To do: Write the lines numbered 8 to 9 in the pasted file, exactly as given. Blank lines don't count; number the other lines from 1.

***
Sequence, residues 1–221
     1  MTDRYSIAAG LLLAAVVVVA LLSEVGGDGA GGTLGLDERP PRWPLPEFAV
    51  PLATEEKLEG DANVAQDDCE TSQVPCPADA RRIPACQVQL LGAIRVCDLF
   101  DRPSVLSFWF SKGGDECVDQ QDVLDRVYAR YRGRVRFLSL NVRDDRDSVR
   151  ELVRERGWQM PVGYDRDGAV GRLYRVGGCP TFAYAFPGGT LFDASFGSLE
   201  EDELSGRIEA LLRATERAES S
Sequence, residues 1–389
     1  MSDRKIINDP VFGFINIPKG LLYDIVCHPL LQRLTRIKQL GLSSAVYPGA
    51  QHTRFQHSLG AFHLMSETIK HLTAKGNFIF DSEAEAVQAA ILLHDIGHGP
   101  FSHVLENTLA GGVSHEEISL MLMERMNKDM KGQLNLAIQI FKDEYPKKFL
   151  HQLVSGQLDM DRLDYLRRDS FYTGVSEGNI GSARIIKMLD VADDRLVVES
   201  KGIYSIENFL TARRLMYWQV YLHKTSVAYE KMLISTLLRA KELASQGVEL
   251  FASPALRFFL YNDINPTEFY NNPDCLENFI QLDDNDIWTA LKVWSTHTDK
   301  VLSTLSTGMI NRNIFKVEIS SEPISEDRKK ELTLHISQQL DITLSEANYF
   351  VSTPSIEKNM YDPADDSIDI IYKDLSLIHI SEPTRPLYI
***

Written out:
     1  MSDRKIINDP VFGFINIPKG LLYDIVCHPL LQRLTRIKQL GLSSAVYPGA
    51  QHTRFQHSLG AFHLMSETIK HLTAKGNFIF DSEAEAVQAA ILLHDIGHGP